I oppose the development of the Chu molybdenum mine because its negative effects extend beyond the site. This mine will affect the quality of life of the residents of Vanderhoof adversely by reducing air and water quality, food sources and revenue. Vanderhoof is a small, geographic centre that supplies food and mineral resources to neighboring cities (BCC, 2009) hence, many of its residents, tourists and neighbors will be directly affected by this project.
The project is very expensive to establish and maintain because of the infrastructure, skilled labor and facilities proposed for impact mitigation. Currently, the budget for this project is $700-1000 million, assuming there are no unexpected expenses. However, many mining projects have unanticipated adverse effects that incur additional expenses. For example, with the Brule coal mine in British Columbia, unexpected faulting in the mine’s location led to a change in mining techniques to reduce the potential for landslide (InfoMine Inc., 2009). This project is also very technical and requires 350-400 skilled professionals from other provinces, thus, most of the revenue generated will not be recycled within Vanderhoof.
For a project with such a high capital and potential to cause adverse effects to the human and biophysical environments, the lifespan of thirty-one years proposed for this project is, in my opinion, inadequate to compensate for its degradation of the environment. Also, if this project is executed, Canada’s molybdenum supply will be depleted by 313 million tonnes in only thirty-one years. This is problematic because molybdenum, a non-renewable resource required for construction of turbines, super magnet and reactor motor will be in short supply for the future.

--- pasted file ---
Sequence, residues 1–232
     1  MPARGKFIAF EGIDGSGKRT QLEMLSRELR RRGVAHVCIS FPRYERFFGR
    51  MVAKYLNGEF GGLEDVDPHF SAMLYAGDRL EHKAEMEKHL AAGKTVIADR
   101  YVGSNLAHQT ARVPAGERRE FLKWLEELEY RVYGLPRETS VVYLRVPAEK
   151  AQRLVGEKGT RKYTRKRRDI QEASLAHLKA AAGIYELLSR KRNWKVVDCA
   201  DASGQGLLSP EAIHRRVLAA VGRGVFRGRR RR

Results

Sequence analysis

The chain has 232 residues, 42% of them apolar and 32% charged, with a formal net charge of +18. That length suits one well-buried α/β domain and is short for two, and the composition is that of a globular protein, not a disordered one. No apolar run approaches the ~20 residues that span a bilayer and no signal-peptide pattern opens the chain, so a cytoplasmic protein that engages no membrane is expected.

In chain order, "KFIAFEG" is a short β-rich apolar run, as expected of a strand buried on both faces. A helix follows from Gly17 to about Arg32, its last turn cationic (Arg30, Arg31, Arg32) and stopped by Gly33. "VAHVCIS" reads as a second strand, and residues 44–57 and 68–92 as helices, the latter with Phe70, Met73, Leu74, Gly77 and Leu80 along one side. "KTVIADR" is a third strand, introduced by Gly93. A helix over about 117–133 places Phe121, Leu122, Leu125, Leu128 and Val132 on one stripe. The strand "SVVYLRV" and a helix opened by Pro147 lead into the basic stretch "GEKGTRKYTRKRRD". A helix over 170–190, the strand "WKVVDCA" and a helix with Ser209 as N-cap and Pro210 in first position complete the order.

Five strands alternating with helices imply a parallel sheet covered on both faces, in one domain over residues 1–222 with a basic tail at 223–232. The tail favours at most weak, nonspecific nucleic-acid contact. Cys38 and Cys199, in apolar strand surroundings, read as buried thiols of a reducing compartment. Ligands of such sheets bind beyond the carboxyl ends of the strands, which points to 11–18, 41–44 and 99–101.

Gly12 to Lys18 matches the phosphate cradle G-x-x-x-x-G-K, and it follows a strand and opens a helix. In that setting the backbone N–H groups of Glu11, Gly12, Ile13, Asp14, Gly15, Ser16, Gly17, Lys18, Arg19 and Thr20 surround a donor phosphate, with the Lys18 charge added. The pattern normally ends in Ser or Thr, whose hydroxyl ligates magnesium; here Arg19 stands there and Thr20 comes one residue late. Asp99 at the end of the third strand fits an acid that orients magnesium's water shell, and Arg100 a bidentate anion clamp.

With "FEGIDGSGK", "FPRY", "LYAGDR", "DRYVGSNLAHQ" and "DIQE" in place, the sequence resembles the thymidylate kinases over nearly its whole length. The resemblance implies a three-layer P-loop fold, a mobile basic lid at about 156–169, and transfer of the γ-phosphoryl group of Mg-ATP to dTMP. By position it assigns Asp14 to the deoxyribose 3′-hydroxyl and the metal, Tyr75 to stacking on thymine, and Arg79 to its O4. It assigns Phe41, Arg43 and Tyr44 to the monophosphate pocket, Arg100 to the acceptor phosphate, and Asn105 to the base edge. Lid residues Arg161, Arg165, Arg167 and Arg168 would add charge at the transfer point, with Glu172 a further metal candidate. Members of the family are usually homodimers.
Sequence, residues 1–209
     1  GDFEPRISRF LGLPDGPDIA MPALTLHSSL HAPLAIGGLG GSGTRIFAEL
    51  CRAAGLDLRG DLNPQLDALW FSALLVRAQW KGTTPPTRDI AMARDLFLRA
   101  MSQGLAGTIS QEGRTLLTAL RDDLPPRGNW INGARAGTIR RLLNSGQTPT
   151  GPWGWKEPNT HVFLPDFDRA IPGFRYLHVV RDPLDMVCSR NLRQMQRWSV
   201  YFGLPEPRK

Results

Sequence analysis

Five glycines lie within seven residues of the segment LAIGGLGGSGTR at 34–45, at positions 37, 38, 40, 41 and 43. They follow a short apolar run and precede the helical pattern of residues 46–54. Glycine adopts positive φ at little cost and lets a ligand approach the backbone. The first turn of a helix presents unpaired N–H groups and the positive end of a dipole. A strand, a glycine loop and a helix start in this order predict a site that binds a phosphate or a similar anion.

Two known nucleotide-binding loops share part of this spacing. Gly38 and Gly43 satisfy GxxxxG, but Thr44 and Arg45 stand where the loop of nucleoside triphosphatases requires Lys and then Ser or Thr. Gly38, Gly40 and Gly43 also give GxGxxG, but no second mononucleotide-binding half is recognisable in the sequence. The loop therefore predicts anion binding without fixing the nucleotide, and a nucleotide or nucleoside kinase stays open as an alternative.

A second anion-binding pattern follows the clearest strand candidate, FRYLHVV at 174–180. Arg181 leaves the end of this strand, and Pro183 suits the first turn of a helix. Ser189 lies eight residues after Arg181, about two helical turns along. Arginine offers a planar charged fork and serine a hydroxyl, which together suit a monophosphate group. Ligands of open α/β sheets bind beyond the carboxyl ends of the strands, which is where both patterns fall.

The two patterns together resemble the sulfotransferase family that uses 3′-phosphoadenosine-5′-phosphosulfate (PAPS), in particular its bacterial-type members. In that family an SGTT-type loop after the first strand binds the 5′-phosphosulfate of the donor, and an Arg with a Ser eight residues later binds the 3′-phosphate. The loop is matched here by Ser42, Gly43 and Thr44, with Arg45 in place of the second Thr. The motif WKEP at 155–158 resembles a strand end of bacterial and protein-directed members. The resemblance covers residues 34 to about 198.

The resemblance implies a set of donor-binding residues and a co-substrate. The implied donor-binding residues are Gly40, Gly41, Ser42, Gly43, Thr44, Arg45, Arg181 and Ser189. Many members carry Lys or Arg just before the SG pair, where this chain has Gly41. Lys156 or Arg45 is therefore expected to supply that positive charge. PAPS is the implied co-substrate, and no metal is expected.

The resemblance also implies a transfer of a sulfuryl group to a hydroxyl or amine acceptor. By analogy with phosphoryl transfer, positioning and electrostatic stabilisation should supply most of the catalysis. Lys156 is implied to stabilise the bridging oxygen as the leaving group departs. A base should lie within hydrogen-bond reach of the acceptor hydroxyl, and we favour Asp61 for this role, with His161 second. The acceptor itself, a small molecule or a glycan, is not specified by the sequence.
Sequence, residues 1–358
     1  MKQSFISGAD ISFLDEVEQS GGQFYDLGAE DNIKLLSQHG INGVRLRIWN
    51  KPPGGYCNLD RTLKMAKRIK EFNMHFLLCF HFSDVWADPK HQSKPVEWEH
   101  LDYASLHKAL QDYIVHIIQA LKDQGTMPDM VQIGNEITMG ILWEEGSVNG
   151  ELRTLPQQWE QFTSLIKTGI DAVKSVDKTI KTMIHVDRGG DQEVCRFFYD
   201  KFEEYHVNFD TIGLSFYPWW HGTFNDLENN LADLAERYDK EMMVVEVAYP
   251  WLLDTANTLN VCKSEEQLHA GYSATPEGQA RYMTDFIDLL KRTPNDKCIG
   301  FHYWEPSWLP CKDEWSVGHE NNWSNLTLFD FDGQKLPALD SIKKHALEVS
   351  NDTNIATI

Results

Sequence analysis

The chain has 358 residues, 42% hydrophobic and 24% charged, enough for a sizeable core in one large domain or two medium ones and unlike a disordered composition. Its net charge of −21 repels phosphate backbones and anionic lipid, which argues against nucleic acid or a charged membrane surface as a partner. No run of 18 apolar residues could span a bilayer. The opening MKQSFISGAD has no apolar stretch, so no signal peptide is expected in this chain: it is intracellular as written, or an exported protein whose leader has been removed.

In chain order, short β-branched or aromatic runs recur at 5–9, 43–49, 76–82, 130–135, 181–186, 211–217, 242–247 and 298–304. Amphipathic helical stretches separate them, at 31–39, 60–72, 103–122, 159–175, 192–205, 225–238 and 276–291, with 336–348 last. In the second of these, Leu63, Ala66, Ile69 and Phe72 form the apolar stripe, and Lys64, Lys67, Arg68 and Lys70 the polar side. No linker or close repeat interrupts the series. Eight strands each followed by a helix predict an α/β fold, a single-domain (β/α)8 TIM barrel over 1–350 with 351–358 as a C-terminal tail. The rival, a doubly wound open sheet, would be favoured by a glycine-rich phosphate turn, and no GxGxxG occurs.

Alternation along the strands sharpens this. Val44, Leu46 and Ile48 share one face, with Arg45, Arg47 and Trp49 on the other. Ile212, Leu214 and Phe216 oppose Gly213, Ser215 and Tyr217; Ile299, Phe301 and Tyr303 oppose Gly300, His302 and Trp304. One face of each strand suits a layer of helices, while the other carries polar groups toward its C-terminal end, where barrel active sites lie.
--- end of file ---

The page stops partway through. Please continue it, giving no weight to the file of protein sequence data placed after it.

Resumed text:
To supply water for this project, the construction of a dam in the Portnoy Lake has been proposed. The dam will prevent flow of water downstream affecting the habitats of fishes such as rainbow trout, which the residents of Vanderhoof rely on for food. In addition, allocating this lake entirely to this project will diminish freshwater availability in Vanderhoof because the lake will have a higher potential to be contaminated due to its proximity to the mine, and will
eventually contaminate its surrounding tributaries.
The location chosen for this mine is currently the habitat for a wide range of birds and carnivores including grizzly bears, wolverines and...